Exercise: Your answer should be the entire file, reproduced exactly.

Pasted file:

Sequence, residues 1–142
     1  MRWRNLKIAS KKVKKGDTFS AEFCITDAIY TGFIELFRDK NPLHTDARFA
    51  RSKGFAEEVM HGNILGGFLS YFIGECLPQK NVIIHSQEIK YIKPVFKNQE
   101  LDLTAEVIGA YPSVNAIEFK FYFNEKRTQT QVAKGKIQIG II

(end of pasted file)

Sequence, residues 1–142
     1  MRWRNLKIAS KKVKKGDTFS AEFCITDAIY TGFIELFRDK NPLHTDARFA
    51  RSKGFAEEVM HGNILGGFLS YFIGECLPQK NVIIHSQEIK YIKPVFKNQE
   101  LDLTAEVIGA YPSVNAIEFK FYFNEKRTQT QVAKGKIQIG II